County commission invocation challenged
Wisconsin foundation contacts board at request of local atheist couple
Jo-Ann Mullen and her husband Earle, members of Western Colorado Atheists and Freethinkers, say they want to use gentle persuasion to change the Mesa County Commission’s practice of giving an invocation before its public meetings.
“We don’t want to be confrontational,” Earle Mullen said. “Religion should be a private matter.”
The two appeared Monday before the commission, asking for the county’s response to a Nov. 12 letter from the Freedom From Religion Foundation. The couple contacted the foundation, which is based in Madison, Wis., asking it to pressure the county into changing its pre-meeting invocation to a non-secular event or eliminate it altogether, Earle Mullen said.
“Prayers are unnecessary, inappropriate and divisive,” according to the foundation’s letter to the county. “The board’s practice of leading Christian-based prayers before meetings is illegal.”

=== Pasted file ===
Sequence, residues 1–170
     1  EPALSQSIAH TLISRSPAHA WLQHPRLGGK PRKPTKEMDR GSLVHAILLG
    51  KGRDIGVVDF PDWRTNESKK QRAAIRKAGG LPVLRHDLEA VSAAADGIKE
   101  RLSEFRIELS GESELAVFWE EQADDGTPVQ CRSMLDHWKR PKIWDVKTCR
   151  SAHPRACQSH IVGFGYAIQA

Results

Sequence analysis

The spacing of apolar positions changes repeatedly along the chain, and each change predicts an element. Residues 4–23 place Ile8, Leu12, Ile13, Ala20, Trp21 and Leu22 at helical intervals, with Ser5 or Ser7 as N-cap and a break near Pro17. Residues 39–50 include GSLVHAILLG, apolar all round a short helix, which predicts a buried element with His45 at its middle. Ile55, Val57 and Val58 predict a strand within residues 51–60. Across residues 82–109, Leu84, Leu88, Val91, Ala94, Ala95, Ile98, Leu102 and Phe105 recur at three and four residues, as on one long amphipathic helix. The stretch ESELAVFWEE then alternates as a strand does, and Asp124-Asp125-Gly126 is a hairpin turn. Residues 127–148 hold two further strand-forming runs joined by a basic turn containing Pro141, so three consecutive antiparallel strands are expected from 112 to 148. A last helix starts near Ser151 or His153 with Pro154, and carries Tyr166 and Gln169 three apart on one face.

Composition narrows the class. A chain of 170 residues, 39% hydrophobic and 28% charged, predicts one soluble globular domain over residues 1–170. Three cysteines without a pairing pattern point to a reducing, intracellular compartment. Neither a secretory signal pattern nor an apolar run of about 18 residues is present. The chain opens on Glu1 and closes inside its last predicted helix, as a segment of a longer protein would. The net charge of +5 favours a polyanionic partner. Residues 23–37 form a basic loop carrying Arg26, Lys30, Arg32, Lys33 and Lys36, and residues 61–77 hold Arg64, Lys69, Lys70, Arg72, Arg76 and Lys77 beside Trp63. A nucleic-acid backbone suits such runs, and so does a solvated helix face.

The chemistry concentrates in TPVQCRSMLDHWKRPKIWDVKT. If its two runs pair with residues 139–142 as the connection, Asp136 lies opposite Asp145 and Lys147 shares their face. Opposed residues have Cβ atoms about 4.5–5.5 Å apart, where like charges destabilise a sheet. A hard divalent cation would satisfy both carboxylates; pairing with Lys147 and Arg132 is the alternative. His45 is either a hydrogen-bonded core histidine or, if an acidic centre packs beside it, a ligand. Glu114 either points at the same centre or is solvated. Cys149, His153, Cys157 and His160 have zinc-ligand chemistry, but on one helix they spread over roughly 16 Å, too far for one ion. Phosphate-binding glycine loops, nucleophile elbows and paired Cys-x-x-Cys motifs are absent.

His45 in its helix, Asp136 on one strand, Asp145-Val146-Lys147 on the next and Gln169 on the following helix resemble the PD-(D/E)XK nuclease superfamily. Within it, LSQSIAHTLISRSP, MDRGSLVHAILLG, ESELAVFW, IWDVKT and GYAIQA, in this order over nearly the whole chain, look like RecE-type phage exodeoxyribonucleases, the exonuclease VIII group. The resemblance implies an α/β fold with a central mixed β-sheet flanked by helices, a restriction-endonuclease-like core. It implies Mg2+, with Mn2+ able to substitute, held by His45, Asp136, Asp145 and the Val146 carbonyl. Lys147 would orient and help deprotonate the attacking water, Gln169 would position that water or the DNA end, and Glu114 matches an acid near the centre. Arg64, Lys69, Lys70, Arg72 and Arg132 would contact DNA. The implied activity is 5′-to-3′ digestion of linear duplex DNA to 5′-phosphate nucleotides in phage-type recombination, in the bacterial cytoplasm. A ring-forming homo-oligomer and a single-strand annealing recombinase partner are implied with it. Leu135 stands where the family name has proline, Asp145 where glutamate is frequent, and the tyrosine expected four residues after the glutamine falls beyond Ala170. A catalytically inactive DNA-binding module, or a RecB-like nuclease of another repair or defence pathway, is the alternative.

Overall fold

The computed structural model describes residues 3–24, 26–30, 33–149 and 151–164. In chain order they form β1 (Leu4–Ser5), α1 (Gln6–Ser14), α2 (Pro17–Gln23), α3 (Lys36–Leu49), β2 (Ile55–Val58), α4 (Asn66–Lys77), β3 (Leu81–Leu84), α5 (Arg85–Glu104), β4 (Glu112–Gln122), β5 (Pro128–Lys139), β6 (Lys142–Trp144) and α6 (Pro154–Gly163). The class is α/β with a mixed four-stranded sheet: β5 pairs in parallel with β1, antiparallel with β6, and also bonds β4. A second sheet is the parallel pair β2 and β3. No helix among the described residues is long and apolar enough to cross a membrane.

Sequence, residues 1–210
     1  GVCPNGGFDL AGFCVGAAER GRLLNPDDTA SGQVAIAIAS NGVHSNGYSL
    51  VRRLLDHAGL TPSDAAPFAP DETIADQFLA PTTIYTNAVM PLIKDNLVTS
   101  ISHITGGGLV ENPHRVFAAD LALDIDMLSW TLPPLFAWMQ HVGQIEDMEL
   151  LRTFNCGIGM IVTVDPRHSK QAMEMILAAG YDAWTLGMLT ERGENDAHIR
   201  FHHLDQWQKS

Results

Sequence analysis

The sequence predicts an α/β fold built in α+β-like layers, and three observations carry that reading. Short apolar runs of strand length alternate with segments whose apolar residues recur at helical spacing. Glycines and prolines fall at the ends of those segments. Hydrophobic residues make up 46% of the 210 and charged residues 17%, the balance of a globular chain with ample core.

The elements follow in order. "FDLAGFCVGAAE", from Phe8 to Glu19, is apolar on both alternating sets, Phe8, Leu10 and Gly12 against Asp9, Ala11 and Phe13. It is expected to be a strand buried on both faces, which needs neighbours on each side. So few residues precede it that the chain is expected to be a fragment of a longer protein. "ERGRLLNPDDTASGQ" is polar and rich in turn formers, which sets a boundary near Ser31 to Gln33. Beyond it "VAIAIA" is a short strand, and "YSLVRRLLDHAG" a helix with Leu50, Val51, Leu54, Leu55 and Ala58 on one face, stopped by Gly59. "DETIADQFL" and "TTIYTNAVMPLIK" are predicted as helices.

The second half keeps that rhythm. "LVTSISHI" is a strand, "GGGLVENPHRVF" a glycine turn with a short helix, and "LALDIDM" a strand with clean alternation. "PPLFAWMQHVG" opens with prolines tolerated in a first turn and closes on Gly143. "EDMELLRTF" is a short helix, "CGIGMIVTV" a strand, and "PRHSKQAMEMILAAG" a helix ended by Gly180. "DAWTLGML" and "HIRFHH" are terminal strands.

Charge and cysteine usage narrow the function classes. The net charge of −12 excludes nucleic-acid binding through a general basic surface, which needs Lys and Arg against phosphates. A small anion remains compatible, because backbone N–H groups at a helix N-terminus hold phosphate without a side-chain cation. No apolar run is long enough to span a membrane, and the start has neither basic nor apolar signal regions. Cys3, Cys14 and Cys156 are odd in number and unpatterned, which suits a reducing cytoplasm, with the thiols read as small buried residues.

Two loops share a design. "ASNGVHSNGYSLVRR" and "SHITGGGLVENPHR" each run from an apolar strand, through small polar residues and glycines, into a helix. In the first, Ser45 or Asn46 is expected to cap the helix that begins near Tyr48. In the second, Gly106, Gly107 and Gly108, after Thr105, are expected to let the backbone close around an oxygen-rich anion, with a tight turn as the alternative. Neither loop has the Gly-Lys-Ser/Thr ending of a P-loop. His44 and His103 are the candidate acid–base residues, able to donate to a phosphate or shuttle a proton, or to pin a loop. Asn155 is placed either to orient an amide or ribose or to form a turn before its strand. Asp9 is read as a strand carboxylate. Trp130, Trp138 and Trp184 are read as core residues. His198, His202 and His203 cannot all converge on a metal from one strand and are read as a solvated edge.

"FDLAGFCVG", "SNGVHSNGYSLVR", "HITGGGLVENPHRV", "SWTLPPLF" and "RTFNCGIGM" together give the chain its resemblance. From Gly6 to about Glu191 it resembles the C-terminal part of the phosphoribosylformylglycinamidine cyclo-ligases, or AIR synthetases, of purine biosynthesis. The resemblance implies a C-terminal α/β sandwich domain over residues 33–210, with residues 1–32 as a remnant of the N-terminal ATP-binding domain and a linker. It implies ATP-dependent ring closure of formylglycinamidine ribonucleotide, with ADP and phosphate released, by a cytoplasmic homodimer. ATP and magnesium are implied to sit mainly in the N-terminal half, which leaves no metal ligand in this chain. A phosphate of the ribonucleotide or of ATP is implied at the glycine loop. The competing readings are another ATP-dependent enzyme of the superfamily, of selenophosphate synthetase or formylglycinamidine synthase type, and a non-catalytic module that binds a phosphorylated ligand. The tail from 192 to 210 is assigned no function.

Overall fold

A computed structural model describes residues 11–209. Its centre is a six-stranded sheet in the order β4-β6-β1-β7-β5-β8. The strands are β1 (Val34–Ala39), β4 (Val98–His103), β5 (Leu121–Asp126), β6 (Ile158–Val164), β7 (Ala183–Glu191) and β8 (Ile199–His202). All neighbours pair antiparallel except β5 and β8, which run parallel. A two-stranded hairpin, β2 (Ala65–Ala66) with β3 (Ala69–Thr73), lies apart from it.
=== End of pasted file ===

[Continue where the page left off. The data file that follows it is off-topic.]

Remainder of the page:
The board began invocations in 2005. Before each Monday and Tuesday meeting, a member of the board will ask the audience to rise for the invocation, adding that people may participate if they wish. Board members take turns saying the invocation, which sometimes includes invoking the name of Jesus Christ.
County attorney Lyle Dechant said he is formulating a response to the foundation.
Commissioner Steve Acquafresca said he has seen the letter from the Freedom From Religion Foundation.
“It tends to suggest that someone could come forward with some sort of a challenge,” he said.
Acquafresca said he has brought the subject up with commissioners Janet Rowland and Craig Meis. Acquafresca said he will meet with Dechant to discuss the issue and push for another meeting on the subject early in 2009 with his fellow board members.
“We should talk about it,” Acquafresca said.
Rowland seems to have dug her heels in on the issue.
“Mandating non-sectarian prayer is itself unconstitutional,” said Rowland, arguing that what the foundation would have the county do is illegal.
She added that neither Mesa County nor she would back down from a fight over the issue.